1. Well, the brand is still there just not as ubiquitous, and most of the surviving trunk road locations are in places where the motorway network still hasn’t quite yet reached, or sites embedded inside motorway service areas rather than the original stand alone roadside restaurants., and when they tried to bring in a new menu in the surviving locations a few years back, there was a massive & genuine public backlash & they had to restore certain historic staple items to the menu under public pressure.(The ‘Olympic Breakfast’ springs to mind, even though that ‘only’ dates back to 1994 apparently) to quell the restive natives. But to give you an idea of how ubiquitous they were, when they went through their collapse & retrenchement they ended up shrinking to ‘just our 80 profitable locations’… down from 200+.

  5. It’s a cliche, but I’ve bought into the notion that no one or nothing is really gone as long as that person or place remains in someone’s memories. It seems to me that it’s our encounters and memories that give meaning and definition to the people and things we meet and see. Then again, maybe it’s just arrogant to suggest that without our engagement with what’s outside of ourselves, those people and things have no significance, that they are inherently insignificant.

    Several years ago I came to believe that one can virtually cease to exist if he deliberately ceases to engage with the world, with life, with others. Sure, the body would continue to be, but the world would forget, or rather would never remember, one who doesn’t interact with it. And I’m left wondering how many “invisibles” are out there… (Meh—maybe this is just another blasted rabbit hole.)

    I do believe there’s value in manmade places, such as your Red Apple Rest, and I do think it’s sad when such places are destroyed or allowed to disintegrate, but I’m able to move on (maybe I’m just a heartless SOB). Here’s what really gets me…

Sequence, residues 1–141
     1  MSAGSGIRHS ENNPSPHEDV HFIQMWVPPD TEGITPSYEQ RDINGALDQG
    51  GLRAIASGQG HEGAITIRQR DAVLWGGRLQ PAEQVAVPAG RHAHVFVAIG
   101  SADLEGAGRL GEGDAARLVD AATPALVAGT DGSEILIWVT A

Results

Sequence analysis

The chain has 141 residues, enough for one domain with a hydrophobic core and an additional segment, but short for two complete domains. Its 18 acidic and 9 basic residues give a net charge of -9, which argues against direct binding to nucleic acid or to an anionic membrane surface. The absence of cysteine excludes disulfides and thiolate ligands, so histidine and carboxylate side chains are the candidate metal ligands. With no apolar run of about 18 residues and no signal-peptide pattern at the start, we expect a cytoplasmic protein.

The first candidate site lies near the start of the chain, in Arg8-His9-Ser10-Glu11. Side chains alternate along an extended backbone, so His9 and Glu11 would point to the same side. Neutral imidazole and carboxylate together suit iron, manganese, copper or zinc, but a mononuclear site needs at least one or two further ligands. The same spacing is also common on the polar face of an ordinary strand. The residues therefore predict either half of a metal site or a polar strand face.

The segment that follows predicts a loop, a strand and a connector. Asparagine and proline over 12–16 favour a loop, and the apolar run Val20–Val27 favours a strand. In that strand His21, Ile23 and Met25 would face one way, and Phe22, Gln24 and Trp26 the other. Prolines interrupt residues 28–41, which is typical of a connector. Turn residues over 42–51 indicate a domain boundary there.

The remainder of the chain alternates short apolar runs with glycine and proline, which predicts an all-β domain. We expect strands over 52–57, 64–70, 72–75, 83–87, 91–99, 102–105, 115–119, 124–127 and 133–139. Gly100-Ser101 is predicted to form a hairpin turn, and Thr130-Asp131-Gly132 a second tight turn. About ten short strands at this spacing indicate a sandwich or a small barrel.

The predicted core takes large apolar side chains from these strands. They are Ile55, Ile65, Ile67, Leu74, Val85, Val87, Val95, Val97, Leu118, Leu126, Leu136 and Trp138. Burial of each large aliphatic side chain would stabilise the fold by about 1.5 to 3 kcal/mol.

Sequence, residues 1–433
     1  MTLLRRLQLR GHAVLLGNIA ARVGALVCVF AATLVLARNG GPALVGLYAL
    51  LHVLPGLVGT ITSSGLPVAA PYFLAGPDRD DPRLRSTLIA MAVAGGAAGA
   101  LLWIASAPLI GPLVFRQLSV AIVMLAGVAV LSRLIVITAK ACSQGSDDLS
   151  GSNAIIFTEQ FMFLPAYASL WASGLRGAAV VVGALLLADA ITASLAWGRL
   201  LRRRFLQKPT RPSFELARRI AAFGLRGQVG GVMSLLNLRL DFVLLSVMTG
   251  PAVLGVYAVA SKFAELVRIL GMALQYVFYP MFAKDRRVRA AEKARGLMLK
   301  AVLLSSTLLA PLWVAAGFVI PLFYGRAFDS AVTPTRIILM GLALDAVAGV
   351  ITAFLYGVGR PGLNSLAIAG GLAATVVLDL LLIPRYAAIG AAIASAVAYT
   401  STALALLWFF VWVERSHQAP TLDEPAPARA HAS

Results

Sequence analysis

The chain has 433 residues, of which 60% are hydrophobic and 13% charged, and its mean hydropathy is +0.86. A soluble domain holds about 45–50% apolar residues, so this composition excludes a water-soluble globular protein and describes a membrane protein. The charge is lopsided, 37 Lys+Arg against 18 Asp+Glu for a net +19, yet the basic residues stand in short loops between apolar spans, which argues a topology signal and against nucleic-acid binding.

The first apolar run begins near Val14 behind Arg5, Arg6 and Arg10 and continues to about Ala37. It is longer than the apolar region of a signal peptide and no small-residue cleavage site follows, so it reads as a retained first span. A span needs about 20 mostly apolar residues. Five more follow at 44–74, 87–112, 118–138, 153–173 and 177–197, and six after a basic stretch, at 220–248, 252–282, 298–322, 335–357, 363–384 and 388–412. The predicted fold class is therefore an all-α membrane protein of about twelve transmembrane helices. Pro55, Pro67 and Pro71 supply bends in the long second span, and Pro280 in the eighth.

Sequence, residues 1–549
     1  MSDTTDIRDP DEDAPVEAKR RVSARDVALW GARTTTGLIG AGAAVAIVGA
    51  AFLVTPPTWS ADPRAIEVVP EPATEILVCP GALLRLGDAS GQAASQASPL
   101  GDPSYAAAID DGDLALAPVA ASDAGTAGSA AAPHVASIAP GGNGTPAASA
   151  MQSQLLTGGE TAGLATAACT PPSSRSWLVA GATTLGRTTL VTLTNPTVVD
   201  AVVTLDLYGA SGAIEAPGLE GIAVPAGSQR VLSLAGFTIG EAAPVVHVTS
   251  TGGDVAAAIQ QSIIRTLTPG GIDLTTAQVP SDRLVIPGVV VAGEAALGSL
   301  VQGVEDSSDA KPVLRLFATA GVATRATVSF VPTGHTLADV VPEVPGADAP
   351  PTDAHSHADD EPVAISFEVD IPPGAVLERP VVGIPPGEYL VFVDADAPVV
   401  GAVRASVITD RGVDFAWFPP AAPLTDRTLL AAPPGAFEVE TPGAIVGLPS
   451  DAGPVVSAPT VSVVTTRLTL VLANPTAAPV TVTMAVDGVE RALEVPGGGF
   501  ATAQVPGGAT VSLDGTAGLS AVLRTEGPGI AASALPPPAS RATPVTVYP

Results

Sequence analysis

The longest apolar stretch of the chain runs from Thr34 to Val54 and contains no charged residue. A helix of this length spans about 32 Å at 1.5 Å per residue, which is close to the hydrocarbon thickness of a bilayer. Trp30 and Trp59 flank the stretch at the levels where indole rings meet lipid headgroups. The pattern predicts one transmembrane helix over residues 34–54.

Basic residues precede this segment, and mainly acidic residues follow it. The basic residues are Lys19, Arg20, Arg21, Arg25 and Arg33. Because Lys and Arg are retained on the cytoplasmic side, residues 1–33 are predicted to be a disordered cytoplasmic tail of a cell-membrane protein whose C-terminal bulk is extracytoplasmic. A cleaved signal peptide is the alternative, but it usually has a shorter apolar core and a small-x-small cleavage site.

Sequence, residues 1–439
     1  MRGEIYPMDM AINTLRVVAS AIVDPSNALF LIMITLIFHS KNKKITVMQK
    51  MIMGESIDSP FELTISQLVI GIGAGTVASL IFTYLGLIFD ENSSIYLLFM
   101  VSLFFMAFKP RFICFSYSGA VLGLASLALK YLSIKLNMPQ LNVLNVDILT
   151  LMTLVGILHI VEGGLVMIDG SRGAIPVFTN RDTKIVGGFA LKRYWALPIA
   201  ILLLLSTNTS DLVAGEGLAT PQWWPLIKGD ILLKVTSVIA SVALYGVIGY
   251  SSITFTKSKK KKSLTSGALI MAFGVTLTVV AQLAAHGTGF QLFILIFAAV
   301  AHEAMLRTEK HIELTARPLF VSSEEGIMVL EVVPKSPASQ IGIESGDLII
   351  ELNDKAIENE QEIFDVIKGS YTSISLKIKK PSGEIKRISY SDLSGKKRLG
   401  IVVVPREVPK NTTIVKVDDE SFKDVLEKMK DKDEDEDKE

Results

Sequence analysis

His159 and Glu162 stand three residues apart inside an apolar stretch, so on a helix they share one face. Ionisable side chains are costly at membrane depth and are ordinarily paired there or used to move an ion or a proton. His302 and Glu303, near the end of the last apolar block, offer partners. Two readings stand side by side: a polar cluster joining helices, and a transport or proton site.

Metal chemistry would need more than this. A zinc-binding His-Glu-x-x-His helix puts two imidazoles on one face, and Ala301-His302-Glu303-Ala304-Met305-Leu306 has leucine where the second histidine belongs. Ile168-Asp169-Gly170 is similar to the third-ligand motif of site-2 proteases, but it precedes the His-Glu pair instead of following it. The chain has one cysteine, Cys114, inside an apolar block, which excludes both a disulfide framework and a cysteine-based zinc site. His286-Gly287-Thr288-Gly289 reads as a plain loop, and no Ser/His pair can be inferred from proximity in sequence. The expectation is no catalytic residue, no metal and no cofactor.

I was fortunate to grow up doing a lot of hiking, backpacking, and off-road camping in places that thirty or thirty-five years ago still seemed pretty damn remote, places that became, well, sacred to me. In the years since, I’ve seen so many of those places get overrun and over-“loved” by tourists and super-regulated by governmental land managers that I can’t revisit them.

    It isn’t, of course, that I’m prohibited—it’s simply that they bear such little resemblance to the wilder spots in my memories that it breaks my heart to see what’s become of them. I guess I should be glad that I had what I had, and I am, but… We’re told “‘’tis better to have loved and lost than never to have loved at all”, but it sure hurts like hell to see what can become of your loves. It has a way of leaving a fucking sickening, jagged, softball-size lump in your throat.

    Maybe this is morbid and selfish, but I’m consoled knowing that someday I’ll be yanked from this absurd experience and that eventually our universe, for its own over-expansion, might destroy itself, leaving little—if any—evidence that it ever was. (Is this too dark?) I’m content knowing that if anything of me is to continue, it’s maybe my consciousness and—if I’m lucky—my memories, and so I must spend what little time I have collecting as much as possible.

    Fuzzy, I believe that if we are anything other than merely stardust, we are memory makers and memory collectors.